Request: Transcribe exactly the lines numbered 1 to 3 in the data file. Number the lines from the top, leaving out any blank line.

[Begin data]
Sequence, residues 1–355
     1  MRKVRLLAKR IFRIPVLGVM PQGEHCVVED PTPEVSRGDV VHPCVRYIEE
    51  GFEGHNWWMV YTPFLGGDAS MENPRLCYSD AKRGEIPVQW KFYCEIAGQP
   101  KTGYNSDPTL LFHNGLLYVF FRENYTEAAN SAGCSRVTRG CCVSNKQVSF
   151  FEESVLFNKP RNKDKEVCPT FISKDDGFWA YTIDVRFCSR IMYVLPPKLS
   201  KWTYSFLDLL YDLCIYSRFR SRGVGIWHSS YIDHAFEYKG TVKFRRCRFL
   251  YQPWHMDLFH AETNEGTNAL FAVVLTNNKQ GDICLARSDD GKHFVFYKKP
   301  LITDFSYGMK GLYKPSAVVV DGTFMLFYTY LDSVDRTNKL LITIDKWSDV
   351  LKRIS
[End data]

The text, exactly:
Sequence, residues 1–355
     1  MRKVRLLAKR IFRIPVLGVM PQGEHCVVED PTPEVSRGDV VHPCVRYIEE
    51  GFEGHNWWMV YTPFLGGDAS MENPRLCYSD AKRGEIPVQW KFYCEIAGQP